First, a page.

Why Conservatives Will Lose The ‘Grooming’ Debate


Two strategies can be used by conservatives in America to oppose LGBT+ messages aimed at children. Both strategies are doomed for failure.

The first strategy is to continue doing what we have been doing: denounce queer messages aimed at children as “grooming” and (in polite company) “indoctrination.”

The problem with the original strategy is that it creates a double standard. Consider Disney’s “Buzz Lightyear”, which was boycotted for featuring a lesbian kiss.

The progressives wanted to understand the cause of all this outrage, which was understandable. The brief, chaste kiss was short. Bo Peep’s flirtation with Woody in “Toy Story” films was far more sexually suggestive. The great-grandparents of the children who saw the prince kiss Snow White while they were watching the space rangers smooch are also being “groomed”.

It is a solid rebuttal. It’s hard to argue that children shouldn’t be exposed to any romantic pairings.

Disney executives have been discussing their “not-so secret gay agenda” to increase LGBT+ representation. What’s the problem with this? In our society, openly gay people are common. The party who supports their exclusion naturally bears the burden of proof in any debate about whether they should be included in children’s entertainment.

What about the assertion that gay and trans characters could confuse or influence young viewers? It is easy to predict what will happen to this:

What’s so confusing about seeing the same-sex couple? “Daddy, why did the little guy have two mommies?” “Well, son. Some families have two mothers and they are just as valid as families with one mommy and one daddy.” Simple. Simple. He might. “So what?”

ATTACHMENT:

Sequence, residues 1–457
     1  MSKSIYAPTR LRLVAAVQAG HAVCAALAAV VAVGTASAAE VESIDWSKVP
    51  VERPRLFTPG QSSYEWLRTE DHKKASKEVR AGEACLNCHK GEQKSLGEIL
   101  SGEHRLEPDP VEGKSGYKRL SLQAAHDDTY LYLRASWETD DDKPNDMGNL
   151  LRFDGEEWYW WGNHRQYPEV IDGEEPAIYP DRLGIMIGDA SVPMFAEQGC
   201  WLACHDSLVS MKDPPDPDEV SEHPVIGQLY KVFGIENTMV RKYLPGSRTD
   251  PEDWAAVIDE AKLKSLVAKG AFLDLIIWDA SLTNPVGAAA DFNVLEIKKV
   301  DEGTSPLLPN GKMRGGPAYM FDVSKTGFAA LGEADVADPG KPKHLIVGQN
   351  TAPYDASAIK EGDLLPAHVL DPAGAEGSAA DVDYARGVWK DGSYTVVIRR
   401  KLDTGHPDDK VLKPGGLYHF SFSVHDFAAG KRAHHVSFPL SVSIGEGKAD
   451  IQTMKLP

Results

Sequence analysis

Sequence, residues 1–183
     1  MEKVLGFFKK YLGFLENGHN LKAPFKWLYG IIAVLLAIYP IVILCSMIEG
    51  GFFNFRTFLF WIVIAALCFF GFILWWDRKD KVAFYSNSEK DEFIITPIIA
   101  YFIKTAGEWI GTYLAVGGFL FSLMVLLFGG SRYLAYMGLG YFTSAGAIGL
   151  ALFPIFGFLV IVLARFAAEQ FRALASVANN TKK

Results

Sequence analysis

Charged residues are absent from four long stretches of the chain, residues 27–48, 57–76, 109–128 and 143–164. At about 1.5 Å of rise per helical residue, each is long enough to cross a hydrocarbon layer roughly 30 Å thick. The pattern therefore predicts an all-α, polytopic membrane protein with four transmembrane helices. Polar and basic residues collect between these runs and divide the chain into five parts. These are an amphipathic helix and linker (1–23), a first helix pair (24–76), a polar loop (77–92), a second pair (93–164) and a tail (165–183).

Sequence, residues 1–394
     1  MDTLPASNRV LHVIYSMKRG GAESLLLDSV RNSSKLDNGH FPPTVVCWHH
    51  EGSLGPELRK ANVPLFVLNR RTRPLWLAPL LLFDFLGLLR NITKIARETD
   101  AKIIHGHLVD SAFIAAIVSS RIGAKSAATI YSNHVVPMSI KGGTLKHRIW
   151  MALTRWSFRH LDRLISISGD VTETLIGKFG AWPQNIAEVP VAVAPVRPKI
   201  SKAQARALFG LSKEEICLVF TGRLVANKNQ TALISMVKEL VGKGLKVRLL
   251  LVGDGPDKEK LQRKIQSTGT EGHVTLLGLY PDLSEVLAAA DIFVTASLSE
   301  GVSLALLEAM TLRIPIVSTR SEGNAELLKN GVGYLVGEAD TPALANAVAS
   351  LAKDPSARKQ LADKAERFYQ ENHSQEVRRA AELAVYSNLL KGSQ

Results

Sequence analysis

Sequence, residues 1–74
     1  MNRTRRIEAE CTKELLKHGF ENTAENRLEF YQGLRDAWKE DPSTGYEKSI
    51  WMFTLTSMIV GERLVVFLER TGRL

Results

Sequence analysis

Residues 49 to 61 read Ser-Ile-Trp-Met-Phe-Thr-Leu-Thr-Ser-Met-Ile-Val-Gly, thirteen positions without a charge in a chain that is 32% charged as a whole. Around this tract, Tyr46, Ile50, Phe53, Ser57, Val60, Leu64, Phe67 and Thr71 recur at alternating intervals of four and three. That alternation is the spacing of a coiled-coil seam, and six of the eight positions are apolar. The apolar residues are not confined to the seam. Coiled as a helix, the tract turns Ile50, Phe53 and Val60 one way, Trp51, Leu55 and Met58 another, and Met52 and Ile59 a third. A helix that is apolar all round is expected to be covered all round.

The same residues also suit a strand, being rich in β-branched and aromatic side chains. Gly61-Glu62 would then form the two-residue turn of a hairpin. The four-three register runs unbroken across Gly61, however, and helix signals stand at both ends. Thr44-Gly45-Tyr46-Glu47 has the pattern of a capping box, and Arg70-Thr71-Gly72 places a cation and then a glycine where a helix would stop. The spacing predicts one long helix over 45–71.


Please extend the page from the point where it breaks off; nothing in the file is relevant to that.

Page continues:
These objections don’t go far enough. Accepting the presuppositions of your opponents — that sex is more about self-expression than procreation and that consent is the only determinant sexual morality, and that personal fulfillment is the purpose for human life — is a sure sign that you have already lost.

This brings us to the second strategy. You could simply respond, “I have a dual standard because heterosexual relationships can be good and homosexuality and transgenderism can be deviant and wrong.”

This won’t take you very far.

Opposition to homosexuality is a loser strategy. According to a June 2022 poll, 71% of Americans support gay marriage. Twelve Republican senators voted in favor of enshrining it in federal law a few months later. The question of same-sex relationships is increasingly seen as a matter of subjective morality and not as an issue of objective morality. Instead, it is seen as a group zealots trying to impose their religion on everyone else.

Although the second strategy is less appealing than the first, it exposes the true nature of the argument. It is possible to look back at the roots of modernity and challenge the assumptions that lead to gay Pixar films. Although it is unlikely to be successful, such an effort can provide a solid foundation and help us achieve a lasting victory. This strategy may be more appealing. This strategy might be more appealing, at least for the short-term. It will eventually give way, and make concession after concession in an endless retreat.

You have two options if you don’t like Gonzo the Muppet’s nonbinary status. One is an incoherent argument, and one is unpopular. Both have little chance of success.